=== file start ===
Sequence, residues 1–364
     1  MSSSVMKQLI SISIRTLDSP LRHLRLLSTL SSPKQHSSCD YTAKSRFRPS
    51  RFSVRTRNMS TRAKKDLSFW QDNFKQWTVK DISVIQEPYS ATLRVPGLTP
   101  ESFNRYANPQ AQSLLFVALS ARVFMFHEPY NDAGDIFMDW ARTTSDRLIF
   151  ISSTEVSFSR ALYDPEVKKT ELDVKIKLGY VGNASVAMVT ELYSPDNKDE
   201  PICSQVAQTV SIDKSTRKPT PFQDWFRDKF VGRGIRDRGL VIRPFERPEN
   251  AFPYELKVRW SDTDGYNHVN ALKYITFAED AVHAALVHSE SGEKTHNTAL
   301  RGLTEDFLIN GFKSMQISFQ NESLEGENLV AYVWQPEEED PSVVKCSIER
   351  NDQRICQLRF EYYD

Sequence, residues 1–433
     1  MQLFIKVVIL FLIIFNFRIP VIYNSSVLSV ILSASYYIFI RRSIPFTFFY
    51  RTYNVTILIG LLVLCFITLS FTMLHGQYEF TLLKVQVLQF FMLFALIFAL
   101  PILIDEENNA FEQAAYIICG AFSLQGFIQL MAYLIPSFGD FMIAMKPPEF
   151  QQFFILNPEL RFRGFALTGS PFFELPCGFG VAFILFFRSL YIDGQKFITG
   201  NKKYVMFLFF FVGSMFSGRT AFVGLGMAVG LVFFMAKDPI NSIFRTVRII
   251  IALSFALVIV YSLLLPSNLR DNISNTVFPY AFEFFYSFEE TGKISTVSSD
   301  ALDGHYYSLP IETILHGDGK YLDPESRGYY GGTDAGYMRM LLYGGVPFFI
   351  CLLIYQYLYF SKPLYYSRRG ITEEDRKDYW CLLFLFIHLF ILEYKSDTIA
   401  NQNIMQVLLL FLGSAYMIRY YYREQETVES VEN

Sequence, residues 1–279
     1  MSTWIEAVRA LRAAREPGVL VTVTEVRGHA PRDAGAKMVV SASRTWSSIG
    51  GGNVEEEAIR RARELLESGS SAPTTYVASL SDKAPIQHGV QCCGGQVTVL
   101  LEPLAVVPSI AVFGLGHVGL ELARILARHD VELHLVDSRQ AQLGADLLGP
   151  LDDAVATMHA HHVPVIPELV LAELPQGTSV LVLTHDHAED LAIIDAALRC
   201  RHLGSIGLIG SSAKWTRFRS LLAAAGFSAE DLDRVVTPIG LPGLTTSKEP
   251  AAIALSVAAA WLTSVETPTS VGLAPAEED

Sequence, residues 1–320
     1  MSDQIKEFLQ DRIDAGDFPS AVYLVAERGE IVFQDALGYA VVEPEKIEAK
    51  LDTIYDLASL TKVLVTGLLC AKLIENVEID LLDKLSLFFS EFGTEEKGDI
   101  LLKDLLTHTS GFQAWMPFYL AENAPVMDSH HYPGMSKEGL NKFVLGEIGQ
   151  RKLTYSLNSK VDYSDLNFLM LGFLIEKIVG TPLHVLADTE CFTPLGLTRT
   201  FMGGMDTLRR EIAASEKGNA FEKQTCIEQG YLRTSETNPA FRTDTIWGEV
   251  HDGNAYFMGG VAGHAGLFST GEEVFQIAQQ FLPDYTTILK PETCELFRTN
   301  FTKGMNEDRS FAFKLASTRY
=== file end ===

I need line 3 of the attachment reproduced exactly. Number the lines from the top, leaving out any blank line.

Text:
    51  RFSVRTRNMS TRAKKDLSFW QDNFKQWTVK DISVIQEPYS ATLRVPGLTP